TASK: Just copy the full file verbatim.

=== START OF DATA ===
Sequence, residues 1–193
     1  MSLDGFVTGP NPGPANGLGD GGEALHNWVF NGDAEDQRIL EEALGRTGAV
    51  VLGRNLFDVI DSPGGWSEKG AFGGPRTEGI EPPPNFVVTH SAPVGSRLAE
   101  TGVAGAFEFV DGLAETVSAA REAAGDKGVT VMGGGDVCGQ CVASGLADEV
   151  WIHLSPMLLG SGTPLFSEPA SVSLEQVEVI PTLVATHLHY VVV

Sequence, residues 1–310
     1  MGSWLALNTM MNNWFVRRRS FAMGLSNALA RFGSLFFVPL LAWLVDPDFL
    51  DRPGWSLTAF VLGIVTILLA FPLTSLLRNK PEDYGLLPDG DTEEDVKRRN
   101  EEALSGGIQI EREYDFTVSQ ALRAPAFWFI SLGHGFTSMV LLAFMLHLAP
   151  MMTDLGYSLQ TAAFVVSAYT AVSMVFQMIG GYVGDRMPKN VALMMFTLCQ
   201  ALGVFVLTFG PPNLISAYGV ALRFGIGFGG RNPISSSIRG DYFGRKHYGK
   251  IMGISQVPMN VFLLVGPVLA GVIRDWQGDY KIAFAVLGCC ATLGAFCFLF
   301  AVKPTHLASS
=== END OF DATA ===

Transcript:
Sequence, residues 1–193
     1  MSLDGFVTGP NPGPANGLGD GGEALHNWVF NGDAEDQRIL EEALGRTGAV
    51  VLGRNLFDVI DSPGGWSEKG AFGGPRTEGI EPPPNFVVTH SAPVGSRLAE
   101  TGVAGAFEFV DGLAETVSAA REAAGDKGVT VMGGGDVCGQ CVASGLADEV
   151  WIHLSPMLLG SGTPLFSEPA SVSLEQVEVI PTLVATHLHY VVV

Sequence, residues 1–310
     1  MGSWLALNTM MNNWFVRRRS FAMGLSNALA RFGSLFFVPL LAWLVDPDFL
    51  DRPGWSLTAF VLGIVTILLA FPLTSLLRNK PEDYGLLPDG DTEEDVKRRN
   101  EEALSGGIQI EREYDFTVSQ ALRAPAFWFI SLGHGFTSMV LLAFMLHLAP
   151  MMTDLGYSLQ TAAFVVSAYT AVSMVFQMIG GYVGDRMPKN VALMMFTLCQ
   201  ALGVFVLTFG PPNLISAYGV ALRFGIGFGG RNPISSSIRG DYFGRKHYGK
   251  IMGISQVPMN VFLLVGPVLA GVIRDWQGDY KIAFAVLGCC ATLGAFCFLF
   301  AVKPTHLASS